Wanted to share my story in case anyone out there is in a similar boat.
25M, obese, large neck. No snoring, but I would wake up 3-4x a night & a few instances of waking up gasping for air.
Early January I finally go to the doctor for symptoms of extreme fatigue, extreme brain fog (literally thought I was developing dementia – scary), and increased social anxiety. Honestly not sure of exact length of symptoms, but at least a year. Found out I had high BP and was referred for a sleep study during my visit. Sleep study came back with 6 AHI and prescribed a CPAP. Upon some research, I found I had borderline SA, but I bit the bullet and bought a CPAP anyways. It’s been 33 days of consistent CPAP use, I’ve been on BP meds & strict keto diet. I started keto to lose weight & treat any possible underlying issue that could be causing fatigue – Fatty liver, thyroid disease and to lower my BP. I’ve also started doing cardio 4-5x per week and I’ve lost 25lbs, but the greatest victory of all, I’ve been alert, no brain fog & anxiety has nearly subsided.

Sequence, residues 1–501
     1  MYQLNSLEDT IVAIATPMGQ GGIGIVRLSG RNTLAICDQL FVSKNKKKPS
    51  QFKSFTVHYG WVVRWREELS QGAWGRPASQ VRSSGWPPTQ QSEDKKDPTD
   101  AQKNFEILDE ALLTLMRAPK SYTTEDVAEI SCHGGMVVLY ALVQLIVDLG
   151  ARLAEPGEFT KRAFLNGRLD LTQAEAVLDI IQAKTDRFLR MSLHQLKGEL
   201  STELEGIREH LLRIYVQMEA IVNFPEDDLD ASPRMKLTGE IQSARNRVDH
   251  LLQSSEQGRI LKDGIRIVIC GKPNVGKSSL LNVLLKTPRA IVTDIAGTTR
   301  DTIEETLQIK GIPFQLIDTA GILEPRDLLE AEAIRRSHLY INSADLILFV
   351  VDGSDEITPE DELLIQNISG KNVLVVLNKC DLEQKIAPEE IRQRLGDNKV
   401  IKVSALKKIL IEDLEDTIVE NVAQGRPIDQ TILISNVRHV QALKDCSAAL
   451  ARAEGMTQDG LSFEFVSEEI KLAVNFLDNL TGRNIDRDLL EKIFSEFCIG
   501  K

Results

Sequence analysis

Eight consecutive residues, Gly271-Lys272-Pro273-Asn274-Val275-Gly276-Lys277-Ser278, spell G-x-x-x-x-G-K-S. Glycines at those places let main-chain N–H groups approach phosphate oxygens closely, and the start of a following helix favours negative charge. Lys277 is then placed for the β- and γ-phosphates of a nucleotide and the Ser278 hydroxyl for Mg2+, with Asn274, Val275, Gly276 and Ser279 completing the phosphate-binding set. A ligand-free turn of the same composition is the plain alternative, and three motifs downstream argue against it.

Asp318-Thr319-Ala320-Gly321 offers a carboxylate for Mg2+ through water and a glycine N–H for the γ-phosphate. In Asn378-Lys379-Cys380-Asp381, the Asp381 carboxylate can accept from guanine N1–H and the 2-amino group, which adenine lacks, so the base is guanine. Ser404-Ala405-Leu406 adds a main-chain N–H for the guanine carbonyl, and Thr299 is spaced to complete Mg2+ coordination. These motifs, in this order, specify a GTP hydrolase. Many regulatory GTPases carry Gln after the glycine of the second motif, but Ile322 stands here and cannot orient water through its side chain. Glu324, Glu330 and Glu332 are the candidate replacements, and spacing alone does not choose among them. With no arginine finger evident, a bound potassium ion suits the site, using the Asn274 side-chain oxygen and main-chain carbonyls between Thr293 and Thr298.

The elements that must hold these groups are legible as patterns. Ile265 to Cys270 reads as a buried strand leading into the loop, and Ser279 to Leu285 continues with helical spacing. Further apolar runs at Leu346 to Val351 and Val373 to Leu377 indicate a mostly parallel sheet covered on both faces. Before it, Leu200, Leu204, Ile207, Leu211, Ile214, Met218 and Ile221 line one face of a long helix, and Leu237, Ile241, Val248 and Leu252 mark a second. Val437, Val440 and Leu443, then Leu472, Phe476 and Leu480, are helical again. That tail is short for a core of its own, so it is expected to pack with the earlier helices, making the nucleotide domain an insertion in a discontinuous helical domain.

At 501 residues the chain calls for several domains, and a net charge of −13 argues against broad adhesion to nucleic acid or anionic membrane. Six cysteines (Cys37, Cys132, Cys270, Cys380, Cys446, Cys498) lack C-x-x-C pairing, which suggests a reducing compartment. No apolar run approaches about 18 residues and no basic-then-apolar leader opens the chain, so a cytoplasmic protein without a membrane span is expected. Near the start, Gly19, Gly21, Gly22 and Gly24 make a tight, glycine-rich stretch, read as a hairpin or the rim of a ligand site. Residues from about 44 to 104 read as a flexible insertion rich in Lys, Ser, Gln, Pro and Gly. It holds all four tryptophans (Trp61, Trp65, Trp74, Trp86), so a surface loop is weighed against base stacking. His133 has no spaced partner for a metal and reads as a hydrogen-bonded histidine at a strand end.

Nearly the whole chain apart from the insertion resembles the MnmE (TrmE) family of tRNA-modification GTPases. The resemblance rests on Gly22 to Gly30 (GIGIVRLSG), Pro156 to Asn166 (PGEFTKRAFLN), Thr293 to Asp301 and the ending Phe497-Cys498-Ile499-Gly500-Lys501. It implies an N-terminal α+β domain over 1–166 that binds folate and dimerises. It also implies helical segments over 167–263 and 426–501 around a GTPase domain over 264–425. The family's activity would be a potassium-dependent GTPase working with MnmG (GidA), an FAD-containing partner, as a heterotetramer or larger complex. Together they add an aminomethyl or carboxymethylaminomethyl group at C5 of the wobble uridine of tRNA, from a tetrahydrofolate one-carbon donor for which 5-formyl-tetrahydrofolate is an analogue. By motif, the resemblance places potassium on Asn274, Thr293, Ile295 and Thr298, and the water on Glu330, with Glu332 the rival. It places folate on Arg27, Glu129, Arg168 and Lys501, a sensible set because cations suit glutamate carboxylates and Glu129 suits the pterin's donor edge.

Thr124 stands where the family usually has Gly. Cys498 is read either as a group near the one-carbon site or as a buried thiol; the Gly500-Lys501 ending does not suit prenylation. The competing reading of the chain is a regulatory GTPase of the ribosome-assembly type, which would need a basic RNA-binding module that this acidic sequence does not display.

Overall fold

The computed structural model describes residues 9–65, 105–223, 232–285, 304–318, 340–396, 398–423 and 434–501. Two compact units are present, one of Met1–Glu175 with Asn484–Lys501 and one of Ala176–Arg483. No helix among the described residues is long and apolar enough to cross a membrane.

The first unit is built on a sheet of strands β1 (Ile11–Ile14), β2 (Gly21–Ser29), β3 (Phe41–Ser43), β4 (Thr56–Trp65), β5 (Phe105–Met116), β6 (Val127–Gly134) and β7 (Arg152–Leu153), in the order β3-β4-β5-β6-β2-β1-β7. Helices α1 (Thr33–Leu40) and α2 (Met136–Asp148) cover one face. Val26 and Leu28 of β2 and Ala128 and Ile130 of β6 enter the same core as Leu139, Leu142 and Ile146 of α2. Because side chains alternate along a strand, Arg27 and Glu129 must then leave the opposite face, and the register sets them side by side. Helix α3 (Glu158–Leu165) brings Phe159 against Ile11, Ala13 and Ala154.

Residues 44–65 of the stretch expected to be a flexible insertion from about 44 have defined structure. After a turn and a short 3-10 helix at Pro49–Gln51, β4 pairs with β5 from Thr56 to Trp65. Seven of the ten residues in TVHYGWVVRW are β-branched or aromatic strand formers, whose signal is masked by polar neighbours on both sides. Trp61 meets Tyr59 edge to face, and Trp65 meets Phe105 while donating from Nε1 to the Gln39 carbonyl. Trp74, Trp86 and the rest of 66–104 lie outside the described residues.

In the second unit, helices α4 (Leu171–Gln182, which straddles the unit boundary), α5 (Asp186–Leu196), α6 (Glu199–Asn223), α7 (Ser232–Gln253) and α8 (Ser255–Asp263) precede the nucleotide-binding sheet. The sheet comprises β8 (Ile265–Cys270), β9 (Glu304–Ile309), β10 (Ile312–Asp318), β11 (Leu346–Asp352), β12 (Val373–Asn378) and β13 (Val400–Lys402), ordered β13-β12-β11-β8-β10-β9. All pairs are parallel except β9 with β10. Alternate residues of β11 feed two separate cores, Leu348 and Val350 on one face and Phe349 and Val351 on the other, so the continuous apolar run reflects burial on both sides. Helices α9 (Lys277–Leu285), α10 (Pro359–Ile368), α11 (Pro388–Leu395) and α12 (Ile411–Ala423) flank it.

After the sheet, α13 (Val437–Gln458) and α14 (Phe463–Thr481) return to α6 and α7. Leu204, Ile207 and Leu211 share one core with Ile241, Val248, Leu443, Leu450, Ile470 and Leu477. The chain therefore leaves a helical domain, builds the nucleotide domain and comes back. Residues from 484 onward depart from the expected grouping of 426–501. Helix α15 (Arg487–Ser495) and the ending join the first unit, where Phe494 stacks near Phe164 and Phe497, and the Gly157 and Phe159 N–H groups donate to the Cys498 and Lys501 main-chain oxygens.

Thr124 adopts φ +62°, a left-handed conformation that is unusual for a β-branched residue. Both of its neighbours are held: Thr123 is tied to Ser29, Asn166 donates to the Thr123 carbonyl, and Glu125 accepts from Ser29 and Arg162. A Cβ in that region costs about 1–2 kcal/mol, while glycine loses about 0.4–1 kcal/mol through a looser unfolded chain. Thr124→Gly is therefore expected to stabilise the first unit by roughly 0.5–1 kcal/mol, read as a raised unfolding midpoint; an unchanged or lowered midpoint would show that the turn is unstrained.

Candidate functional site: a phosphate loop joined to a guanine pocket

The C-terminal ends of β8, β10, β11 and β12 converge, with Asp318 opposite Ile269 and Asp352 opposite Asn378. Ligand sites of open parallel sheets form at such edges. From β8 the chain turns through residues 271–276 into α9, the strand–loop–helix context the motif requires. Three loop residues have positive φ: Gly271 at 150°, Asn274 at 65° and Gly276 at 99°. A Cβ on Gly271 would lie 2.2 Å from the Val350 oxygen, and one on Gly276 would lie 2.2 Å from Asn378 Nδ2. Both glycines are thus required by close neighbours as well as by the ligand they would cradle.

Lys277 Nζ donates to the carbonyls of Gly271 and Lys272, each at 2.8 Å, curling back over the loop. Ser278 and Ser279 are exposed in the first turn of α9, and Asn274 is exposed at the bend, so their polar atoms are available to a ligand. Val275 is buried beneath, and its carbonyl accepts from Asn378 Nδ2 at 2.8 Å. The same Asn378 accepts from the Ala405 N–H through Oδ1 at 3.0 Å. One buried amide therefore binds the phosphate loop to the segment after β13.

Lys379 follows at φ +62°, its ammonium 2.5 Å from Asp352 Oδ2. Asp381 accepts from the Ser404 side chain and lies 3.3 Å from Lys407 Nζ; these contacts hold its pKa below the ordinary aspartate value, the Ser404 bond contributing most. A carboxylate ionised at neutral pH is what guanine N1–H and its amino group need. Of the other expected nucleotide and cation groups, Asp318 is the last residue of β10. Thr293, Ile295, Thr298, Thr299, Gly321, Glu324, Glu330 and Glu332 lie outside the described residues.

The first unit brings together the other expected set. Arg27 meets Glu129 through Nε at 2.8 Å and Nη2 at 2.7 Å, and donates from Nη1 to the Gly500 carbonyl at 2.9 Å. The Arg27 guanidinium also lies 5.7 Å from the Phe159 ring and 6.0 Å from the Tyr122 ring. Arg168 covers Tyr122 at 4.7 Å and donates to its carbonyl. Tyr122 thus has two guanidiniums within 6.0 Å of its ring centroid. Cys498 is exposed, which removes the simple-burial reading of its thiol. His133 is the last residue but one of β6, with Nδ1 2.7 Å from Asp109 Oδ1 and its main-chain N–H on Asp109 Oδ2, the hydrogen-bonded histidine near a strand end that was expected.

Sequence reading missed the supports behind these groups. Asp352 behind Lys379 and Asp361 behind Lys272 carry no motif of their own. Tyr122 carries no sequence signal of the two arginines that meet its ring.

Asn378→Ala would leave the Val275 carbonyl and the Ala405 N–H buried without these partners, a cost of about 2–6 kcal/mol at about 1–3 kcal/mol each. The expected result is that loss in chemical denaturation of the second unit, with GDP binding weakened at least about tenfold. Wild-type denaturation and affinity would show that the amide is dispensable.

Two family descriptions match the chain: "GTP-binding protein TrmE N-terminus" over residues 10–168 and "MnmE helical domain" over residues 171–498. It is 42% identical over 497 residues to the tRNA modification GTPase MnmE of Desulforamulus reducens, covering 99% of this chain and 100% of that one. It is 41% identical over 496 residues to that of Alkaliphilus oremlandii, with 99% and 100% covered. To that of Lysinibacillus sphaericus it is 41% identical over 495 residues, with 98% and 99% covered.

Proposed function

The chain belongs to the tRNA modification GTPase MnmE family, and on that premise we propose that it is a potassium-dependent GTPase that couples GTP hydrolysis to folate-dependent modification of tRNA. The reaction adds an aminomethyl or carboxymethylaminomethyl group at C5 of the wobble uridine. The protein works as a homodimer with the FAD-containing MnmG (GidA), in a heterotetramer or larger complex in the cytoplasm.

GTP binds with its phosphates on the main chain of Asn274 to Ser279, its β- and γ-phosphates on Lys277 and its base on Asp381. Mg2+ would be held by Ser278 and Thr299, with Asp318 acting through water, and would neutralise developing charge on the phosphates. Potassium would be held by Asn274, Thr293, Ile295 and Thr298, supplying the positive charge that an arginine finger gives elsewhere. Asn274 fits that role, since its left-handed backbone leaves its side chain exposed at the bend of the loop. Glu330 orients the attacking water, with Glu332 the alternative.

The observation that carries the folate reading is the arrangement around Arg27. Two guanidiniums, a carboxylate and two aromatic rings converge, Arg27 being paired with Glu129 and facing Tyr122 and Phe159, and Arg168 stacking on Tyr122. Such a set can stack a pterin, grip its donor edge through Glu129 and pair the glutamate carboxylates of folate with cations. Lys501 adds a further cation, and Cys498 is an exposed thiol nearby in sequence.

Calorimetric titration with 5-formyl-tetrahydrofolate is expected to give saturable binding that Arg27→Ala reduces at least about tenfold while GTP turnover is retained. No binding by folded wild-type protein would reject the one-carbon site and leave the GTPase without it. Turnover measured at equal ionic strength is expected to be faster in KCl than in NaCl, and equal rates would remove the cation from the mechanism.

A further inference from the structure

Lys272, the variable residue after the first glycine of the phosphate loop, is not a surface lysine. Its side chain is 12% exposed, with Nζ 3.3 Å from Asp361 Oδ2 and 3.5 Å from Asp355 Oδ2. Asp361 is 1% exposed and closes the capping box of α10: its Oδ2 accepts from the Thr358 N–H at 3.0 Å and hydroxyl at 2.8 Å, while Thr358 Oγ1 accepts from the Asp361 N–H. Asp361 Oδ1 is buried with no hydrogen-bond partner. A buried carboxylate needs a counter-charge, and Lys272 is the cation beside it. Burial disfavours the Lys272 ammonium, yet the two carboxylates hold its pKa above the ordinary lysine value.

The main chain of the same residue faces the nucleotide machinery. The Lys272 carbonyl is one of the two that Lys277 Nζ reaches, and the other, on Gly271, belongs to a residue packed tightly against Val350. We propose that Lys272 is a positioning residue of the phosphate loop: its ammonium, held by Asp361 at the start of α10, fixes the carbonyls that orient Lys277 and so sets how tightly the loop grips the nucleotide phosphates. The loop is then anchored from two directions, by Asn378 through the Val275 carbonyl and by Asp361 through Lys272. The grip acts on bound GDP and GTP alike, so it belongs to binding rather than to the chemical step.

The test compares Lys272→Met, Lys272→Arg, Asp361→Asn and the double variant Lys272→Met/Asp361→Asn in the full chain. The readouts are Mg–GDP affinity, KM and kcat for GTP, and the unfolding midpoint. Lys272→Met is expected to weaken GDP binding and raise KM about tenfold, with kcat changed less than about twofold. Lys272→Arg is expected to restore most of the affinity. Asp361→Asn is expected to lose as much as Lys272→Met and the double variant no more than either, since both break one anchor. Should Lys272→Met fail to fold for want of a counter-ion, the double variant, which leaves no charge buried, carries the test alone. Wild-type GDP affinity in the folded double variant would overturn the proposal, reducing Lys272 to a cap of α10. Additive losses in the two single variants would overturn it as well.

The reason I describe my routine for the past month is to give those who are as desperate as I was some hope and options. Unfortunately, I have no way to 100% contribute my success to CPAP therapy, but I can’t say it wasn’t 100% the remedy either. Nevertheless, I want to thank everyone on this subreddit for all the great information. It’s the main reason I requested a sleep study from my doctor in the first place. I will continue the keto diet and exercise until I’m a healthy weight & most likely indefinitely.
Finally, I’ve found through my CPAP machines daily reports that I am averaging 0.5-2.5 AHI per night. Vast majority of these are Hypopneas. Some nights are worse that others. I don’t know exactly what causes these fluctuations, possibly sleep position & sleep hygiene, but it’s my theory that I probably had similar fluctuations without the CPAP. On nights that I have 2.5 AHI, without the CPAP maybe I had a higher AHI too. So just because your AHI during a single study may be low, it’s only one data point so in my opinion (just a guess), a CPAP may still provide some relief.